Initial Conditions, Institutional Dynamics and Economic Performance: Evidence from the American States

41 Pages Posted: 10 Jan 2004

See all articles by Daniel Berkowitz

Daniel Berkowitz

University of Pittsburgh - Department of Economics

Karen Clay

Carnegie Mellon University - H. John Heinz III School of Public Policy and Management; National Bureau of Economic Research (NBER)

Date Written: March 2004

Abstract

Using state-level data from the United States, we find that differences in colonial legal institutions have affected the current quality of state legal institutions. These differences in colonial legal institutions arose because some states were settled by Great Britain, a common law country, and other states were settled by France, Spain, and Mexico, all civil law countries. To explain these findings, we develop a transplant-civil law hypothesis that highlights the disruption associated with large-scale legal transplantation and the possible relative inefficiencies of colonial civil law. We find strong support for the transplant-civil law hypothesis. Our results are robust to the inclusion of additional variables capturing climate, geography, initial population, resource endowments, state level rules, and legal environment. Given the 150-200 year gap between the initial conditions and the measures of the current quality of legal institutions, we provide indirect evidence on the persistence of legal institutions. We then use initial legal systems as a source of exogenous variation in current institutions for providing a series of estimates of their impact on current economic performance.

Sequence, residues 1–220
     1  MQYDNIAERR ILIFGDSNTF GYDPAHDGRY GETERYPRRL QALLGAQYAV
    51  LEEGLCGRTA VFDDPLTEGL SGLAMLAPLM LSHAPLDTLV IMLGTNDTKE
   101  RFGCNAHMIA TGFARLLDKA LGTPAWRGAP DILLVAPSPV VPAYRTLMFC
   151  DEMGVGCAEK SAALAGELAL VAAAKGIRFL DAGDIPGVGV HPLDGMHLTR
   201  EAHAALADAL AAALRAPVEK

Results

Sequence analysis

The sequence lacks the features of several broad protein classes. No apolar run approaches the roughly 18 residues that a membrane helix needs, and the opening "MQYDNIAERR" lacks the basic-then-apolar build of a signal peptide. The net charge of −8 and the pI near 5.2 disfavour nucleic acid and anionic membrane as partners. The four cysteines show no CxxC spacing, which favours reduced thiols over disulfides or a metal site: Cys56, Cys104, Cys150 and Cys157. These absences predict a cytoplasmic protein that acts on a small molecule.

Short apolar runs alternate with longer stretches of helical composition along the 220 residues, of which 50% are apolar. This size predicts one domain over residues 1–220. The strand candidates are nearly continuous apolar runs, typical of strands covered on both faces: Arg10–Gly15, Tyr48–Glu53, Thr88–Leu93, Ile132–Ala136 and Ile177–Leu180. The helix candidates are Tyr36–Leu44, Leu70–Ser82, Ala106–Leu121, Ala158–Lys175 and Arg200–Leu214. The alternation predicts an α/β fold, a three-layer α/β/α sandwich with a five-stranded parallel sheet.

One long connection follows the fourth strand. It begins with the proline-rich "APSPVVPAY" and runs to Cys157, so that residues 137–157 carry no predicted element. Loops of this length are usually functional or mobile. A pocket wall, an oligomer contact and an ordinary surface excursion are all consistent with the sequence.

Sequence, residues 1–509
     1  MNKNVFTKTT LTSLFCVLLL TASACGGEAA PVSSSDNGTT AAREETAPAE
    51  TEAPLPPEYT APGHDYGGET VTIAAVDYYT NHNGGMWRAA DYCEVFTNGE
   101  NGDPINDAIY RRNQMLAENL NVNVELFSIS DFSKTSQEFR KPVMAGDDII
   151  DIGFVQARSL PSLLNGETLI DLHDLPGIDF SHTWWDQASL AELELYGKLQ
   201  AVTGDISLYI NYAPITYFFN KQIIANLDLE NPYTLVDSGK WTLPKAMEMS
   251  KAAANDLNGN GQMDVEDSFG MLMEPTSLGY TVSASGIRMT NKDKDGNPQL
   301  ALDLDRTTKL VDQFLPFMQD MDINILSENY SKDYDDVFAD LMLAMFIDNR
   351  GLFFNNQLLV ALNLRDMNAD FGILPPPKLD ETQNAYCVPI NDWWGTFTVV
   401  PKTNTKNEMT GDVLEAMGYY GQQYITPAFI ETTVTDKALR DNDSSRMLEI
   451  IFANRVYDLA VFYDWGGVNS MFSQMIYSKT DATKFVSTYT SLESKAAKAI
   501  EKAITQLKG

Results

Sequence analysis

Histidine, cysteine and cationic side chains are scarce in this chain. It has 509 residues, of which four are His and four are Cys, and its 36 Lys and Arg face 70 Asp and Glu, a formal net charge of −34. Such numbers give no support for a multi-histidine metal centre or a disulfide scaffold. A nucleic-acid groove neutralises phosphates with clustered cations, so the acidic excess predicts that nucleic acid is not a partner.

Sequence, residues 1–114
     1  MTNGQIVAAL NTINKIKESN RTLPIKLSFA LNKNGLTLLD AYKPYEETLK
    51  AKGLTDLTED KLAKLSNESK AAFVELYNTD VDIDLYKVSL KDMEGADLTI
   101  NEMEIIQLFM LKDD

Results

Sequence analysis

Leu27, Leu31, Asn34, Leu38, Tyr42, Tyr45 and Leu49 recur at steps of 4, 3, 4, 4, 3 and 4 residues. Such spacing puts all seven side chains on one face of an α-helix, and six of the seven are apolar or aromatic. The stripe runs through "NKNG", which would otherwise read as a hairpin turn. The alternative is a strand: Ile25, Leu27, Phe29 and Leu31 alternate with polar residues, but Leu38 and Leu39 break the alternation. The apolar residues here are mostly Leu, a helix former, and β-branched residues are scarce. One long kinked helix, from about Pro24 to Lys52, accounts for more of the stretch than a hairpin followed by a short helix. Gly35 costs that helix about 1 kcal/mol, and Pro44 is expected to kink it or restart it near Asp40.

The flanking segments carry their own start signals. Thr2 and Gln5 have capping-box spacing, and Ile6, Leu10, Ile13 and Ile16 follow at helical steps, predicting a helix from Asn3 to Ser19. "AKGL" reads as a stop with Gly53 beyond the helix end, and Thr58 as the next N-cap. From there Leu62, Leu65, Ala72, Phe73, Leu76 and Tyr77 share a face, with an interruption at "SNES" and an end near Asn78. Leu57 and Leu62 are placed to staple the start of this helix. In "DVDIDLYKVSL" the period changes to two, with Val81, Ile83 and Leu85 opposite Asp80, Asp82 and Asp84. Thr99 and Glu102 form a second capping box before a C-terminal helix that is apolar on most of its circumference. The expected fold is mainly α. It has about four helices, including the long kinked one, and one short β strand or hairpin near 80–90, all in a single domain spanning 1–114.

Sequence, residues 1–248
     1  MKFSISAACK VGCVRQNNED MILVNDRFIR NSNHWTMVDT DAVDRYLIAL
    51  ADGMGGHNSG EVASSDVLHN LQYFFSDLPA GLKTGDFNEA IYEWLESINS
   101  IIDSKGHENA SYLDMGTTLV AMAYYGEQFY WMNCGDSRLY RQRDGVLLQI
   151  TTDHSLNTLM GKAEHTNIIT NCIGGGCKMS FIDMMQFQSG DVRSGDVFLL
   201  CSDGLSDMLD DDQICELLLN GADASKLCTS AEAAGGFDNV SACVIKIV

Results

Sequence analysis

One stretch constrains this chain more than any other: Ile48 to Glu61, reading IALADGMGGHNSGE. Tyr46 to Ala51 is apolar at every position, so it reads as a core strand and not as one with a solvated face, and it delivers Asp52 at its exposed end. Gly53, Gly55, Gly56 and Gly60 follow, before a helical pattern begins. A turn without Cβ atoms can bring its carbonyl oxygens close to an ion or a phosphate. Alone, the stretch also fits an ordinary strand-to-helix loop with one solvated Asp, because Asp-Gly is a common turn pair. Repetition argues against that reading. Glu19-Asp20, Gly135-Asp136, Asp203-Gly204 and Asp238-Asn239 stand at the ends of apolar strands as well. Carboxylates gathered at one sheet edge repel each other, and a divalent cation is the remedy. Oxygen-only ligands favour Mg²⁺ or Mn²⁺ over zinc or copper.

Keywords: Common law, civil law, transplant, initial conditions, state courts and public corruption

JEL Classification: K4, O1, P1

Suggested Citation

Berkowitz, Daniel and Clay, Karen B., Initial Conditions, Institutional Dynamics and Economic Performance: Evidence from the American States (March 2004 ). William Davidson Institute . Available at SSRN: https://ssrn.com/abstract=485003 or http://dx.doi.org/10.2139/ssrn.485003

Daniel Berkowitz (Contact Author)

University of Pittsburgh - Department of Economics ( email )

4711 WWPH
Pittsburgh, PA 15260
United States
412-648-7072 (Phone)
412-648-3011 (Fax)

HOME PAGE: http://www.pitt.edu/~dmberk

Karen B. Clay

Carnegie Mellon University - H. John Heinz III School of Public Policy and Management ( email )

Pittsburgh, PA 15213-3890
United States

National Bureau of Economic Research (NBER) ( email )

1050 Massachusetts Avenue
Cambridge, MA 02138
United States

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